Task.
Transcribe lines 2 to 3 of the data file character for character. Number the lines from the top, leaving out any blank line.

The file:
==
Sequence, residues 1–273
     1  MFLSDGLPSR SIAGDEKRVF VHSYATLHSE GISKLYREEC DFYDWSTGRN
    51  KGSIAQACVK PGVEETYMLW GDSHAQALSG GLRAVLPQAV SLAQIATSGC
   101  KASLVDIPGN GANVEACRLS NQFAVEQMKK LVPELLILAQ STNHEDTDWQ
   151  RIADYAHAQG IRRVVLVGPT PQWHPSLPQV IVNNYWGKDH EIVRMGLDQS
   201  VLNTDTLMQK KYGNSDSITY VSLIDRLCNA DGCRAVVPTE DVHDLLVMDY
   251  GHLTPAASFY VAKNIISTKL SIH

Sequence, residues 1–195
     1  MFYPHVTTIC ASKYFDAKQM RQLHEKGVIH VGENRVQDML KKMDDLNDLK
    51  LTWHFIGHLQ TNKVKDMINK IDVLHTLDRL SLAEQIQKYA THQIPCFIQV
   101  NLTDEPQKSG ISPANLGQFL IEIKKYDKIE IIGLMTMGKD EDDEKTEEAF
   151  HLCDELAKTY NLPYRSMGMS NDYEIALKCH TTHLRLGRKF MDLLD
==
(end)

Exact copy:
     1  MFLSDGLPSR SIAGDEKRVF VHSYATLHSE GISKLYREEC DFYDWSTGRN
    51  KGSIAQACVK PGVEETYMLW GDSHAQALSG GLRAVLPQAV SLAQIATSGC